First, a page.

Seeing Matt Stonham play his first game of football since having a seizure and collapsing on the field felt like “cycle complete” for Lake Macquarie coach Anthony Richards.
The return game may have merely been a trial with the Roosters under 20s side last month but to Stonham it was enough to give him an “itchy foot” to pull on the gloves competitively again.
“Richo was a bit short. I was happy to do it and wanted to do it; I didn’t quite know how I’d go but I felt comfortable out there, so I was pretty happy,” Stonham said.
Richards asked Stonham to join him at the Roosters this season as goalkeeping coach.
The Roosters first-grade coach was one of the first on the scene when the now 32-year-old goalkeeper collapsed while playing in goals for Maitland in July 2015.
After a series of tests Stonham was told he had a brain tumour. Surgery then six months of chemotherapy followed. He could not play last year but stayed involved in the game by helping with Adamstown’s Women’s Premier League program.
“It was either sit at home and feel sorry for yourself or get out there and do something and stay involved in the game,” he said.
Richards wanted Stonham on board with the Roosters this season for a number of reasons.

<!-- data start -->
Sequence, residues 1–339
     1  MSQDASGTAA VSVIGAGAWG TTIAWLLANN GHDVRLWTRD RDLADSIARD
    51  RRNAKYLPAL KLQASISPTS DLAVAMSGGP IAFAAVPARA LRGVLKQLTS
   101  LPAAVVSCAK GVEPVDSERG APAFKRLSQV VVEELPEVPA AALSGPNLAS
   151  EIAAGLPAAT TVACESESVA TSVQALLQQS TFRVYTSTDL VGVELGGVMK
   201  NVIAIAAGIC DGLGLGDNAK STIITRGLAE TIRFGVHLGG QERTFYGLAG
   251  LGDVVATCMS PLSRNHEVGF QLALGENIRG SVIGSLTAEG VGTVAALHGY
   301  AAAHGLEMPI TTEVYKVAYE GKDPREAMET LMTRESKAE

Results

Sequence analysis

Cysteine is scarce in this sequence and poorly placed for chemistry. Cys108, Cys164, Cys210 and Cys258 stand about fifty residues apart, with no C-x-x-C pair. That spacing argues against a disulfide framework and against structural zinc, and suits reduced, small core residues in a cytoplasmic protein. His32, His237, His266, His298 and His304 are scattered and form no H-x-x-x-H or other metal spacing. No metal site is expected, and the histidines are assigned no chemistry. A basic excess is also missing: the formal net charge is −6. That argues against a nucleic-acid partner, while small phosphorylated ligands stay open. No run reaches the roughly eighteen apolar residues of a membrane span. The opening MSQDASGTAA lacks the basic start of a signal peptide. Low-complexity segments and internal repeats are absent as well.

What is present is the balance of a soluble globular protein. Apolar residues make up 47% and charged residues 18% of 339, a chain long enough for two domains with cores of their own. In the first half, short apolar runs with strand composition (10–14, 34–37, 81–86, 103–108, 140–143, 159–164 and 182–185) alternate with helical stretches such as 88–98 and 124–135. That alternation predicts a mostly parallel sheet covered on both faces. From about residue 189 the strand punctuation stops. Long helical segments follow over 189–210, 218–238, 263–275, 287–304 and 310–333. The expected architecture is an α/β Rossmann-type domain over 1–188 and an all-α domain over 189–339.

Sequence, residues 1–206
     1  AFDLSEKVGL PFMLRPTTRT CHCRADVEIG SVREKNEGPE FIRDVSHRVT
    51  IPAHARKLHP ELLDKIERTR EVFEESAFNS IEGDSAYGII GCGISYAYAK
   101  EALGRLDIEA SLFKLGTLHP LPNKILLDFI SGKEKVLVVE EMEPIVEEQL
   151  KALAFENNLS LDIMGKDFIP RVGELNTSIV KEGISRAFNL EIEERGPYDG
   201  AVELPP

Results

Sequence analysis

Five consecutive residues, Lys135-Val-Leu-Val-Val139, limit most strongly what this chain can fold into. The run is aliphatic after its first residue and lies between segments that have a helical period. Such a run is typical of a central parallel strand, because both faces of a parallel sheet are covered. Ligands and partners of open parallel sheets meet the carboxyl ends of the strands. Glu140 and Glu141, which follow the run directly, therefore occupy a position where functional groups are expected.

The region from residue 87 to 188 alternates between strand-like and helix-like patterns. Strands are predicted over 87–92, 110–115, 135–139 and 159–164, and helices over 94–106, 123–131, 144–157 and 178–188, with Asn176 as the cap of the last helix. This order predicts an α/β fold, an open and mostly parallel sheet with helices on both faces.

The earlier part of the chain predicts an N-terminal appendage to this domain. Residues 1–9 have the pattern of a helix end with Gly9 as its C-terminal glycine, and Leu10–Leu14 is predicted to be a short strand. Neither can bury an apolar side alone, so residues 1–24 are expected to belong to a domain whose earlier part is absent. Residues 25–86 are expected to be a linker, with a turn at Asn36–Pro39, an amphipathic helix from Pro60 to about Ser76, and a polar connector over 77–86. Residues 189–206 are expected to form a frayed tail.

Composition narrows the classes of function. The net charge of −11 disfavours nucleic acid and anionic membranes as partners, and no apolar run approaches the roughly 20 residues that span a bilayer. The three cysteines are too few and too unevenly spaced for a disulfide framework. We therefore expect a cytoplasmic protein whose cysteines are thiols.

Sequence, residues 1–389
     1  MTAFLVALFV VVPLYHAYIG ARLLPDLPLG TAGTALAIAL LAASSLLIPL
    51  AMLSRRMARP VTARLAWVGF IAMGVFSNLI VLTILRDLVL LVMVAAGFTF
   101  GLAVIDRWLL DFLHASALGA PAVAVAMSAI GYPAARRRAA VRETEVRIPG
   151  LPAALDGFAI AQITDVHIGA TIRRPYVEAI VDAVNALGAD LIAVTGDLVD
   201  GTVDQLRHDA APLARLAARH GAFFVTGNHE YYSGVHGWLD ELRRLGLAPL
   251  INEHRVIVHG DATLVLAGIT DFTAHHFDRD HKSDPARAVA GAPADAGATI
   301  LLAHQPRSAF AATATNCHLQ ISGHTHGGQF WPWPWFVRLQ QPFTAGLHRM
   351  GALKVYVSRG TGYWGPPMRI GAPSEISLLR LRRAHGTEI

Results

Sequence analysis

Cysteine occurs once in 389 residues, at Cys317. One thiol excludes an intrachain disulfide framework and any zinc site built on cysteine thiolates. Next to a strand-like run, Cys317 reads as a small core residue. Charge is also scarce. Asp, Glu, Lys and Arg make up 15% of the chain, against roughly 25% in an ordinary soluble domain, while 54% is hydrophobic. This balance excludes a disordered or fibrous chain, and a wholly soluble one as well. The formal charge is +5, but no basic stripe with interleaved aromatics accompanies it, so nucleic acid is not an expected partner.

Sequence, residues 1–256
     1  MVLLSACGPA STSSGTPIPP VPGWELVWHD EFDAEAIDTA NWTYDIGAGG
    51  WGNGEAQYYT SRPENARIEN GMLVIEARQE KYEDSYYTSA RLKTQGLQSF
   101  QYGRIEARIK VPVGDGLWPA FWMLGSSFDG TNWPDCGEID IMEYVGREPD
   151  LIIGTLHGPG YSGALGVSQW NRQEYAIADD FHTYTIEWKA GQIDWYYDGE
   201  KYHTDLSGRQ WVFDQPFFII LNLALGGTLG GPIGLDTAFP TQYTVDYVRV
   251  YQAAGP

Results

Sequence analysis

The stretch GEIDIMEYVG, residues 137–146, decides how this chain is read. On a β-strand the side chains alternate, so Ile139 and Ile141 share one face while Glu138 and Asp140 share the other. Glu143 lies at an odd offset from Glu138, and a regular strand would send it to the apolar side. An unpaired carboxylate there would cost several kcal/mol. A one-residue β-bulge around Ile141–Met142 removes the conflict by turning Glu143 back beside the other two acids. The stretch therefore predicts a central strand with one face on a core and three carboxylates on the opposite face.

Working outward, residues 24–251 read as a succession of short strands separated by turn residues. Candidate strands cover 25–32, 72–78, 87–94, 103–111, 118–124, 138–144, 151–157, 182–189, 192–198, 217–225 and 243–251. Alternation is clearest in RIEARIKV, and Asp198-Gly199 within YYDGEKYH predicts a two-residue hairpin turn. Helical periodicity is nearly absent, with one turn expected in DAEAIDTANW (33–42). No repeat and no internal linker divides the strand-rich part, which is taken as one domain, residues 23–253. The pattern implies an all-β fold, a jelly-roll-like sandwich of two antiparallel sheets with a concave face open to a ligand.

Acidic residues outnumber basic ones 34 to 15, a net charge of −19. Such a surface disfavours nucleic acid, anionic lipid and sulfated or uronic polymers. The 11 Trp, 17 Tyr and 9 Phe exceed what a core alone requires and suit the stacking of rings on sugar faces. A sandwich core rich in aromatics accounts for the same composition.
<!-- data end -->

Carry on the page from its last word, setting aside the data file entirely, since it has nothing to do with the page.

“He’s really good at what he does,” Richards said. “The other thing is the friendship.
“I’d been his coach some years ago and to see him go through what he did on the field that day was traumatic for everyone.
“Then to see him rebuild himself, and go through chemo ... for me to get him here and around players and involved in that environment and then to progress him into a game was awesome for me. That was cycle complete.”
At this stage Stonham is focused on coaching but said the game did spark his desire to play again.
“That was the first competitive game I’ve played since, which was good just to get it out of the way; it’s given me a lot of confidence,” Stonham said. “I was happy to just coach but that came along and I got the itchy foot again for it, which is good.
“It’s got me thinking about playing again and even things I do in everyday life; I know that my head’s safe in that way, I’m not going to have another seizure because I got past that game and that’s given me a lot of confidence in life, not just on the field.”